The Scrum Master only has the authority to ensure that the Scrum Team follows the rules of Scrum. If not immediately compliant, then working toward compliance increasingly and consistently (for instance, transparency of the increment surpasses most development teams skills and tooling initially). The Scrum Master has not authority to tell the development team or the product owner what to do their job. The Scrum Master can coach, teach, establish learning situations, enter Socratic dialogue, and parent. However, they weren’t given the authority to manage the other members of the Scrum Team.
Some people on the Scrum Team learn by failing, trying again, and failing. Some are terrified of failing and need some prompting, some more coaching, some guidance. But they have to learn. Otherwise, they will always be dependent on the Scrum Master.
I pose the following question to Scrum Masters: “What is the best way to organize 100 developers into Scrum Teams and ensure that they select the correct Product Backlog items.”
The correct answer is to let the developers organize themselves into Scrum Teams. The Scrum Master may remind them that they have to have all the cross-functional skills on each Scrum Team to build a done increment. The Scrum Master may remind them that all 100 people must be engaged meaningfully and that mentoring is expected. The Scrum Master may have the lead developers lead a discussion about the software and architecture to be worked on, with the underlying dependencies. The Scrum Master may have the Product Owner discuss the intricacies of the Product Backlog. The Scrum Master may remind them that they have to deliver one integrated, integration tested increment at the end of the Sprint. But then it is up to the developers to organize themselves. I would expect that the lead developers would form the seed for the new Scrum Teams, but who knows?
If the Scrum Master organizes the Scrum Teams and parses out the Product Backlog, the developers are constrained by the intelligence and knowledge of the Scrum Master. If the developers organize themselves into Scrum Teams, we are engaging the intelligence of all 100 developers. And, if they organize suboptimally, they can correct and continually adjust team membership as they find out more. A learning organization. Bottom-up intelligence.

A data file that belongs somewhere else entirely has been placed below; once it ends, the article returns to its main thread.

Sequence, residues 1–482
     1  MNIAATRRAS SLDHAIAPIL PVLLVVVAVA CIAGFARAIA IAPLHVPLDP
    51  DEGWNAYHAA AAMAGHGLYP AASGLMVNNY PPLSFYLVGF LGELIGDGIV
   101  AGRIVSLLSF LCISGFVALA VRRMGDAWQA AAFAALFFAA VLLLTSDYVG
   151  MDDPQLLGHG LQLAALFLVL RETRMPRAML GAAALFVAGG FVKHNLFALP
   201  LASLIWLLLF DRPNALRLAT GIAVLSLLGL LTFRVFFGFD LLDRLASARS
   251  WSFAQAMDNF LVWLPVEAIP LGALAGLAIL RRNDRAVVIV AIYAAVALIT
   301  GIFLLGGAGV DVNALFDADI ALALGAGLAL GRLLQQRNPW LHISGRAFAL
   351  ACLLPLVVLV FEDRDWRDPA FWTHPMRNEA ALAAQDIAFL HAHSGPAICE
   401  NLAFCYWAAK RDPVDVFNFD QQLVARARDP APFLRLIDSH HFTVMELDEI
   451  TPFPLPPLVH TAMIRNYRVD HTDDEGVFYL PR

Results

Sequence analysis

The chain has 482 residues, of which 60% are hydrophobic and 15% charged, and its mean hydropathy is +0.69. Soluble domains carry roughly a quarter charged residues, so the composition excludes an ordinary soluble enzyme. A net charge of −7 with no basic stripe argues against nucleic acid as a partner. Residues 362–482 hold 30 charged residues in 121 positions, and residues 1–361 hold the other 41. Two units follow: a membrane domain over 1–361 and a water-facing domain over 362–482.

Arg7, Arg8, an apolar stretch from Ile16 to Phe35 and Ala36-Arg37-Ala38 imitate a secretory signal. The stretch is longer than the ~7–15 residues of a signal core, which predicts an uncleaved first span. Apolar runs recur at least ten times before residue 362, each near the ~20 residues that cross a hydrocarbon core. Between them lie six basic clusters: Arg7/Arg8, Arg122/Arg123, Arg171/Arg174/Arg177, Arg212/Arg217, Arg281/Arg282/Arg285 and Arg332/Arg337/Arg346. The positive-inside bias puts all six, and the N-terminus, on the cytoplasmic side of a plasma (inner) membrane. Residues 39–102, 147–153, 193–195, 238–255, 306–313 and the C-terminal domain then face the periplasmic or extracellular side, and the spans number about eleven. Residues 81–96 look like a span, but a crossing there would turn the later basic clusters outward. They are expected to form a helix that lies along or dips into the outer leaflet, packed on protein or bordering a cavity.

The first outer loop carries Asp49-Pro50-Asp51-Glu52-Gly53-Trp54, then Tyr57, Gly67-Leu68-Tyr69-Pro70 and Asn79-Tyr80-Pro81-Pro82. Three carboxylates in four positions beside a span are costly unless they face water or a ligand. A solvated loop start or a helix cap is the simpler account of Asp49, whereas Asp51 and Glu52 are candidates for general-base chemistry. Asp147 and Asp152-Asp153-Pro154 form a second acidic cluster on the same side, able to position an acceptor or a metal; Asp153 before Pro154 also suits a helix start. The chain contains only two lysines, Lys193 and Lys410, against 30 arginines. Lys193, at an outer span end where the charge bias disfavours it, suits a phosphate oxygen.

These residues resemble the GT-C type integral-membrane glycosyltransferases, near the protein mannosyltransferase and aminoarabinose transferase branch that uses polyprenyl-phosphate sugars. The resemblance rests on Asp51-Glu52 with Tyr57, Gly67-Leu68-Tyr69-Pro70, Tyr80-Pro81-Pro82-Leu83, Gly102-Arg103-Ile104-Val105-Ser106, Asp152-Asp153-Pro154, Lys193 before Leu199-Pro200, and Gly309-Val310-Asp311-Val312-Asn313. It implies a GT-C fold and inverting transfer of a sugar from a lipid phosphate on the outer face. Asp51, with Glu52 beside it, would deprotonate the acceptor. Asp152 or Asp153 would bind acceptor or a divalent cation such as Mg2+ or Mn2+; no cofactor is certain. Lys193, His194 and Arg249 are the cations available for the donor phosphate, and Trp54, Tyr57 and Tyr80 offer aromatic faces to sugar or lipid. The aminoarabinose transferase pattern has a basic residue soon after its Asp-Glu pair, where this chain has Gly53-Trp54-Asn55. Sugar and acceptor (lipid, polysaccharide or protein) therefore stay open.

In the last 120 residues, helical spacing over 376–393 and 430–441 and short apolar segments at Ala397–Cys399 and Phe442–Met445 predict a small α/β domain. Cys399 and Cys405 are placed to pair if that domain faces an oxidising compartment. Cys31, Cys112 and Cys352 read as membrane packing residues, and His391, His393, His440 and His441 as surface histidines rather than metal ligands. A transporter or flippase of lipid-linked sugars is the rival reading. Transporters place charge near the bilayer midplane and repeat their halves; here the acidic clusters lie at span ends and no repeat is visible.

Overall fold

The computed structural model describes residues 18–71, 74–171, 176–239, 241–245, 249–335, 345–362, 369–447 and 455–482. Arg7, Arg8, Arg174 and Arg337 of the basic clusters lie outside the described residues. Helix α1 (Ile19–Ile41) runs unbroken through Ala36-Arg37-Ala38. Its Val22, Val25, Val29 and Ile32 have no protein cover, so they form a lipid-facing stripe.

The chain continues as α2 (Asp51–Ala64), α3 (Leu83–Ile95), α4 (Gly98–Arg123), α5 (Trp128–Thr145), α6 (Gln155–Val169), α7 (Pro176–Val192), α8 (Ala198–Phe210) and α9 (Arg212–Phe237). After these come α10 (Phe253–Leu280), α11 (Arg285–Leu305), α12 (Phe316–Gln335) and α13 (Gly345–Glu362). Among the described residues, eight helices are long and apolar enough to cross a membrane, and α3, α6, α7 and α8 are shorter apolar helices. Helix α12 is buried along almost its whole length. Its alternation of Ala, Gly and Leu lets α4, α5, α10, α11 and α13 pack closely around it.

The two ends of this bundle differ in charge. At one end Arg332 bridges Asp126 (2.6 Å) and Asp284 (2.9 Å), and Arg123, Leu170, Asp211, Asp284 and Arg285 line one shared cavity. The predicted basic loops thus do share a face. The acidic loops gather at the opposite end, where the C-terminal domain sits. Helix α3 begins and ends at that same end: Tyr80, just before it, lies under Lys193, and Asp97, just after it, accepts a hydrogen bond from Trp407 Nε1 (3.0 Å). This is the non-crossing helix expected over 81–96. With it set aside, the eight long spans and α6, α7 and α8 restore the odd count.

I have successfully used the technique of letting developers self-organize into teams with groups of up to 200 people. They were working on complex, mission critical software, included subcontractors, and didn’t necessarily know each other well. As training wheels, I once arbitrarily put them into Scrum Teams and then told them to fix my mistakes by reorganizing.
I’ve never tried more than 200 because I can’t get more than that in a reasonable sized room. I suspect that if I were able to do so, they would soon decompose themselves into smaller groups, then smaller groups, then Scrum Teams.
Imagine the arrogance of a Scrum Master who believes that he/she knows how developers should organize better than the people themselves. This Scrum Master often has the thought in his/her mind that to be sure, he/she must control the situation; after all, they think that they are in charge (they think).
Some food for thought.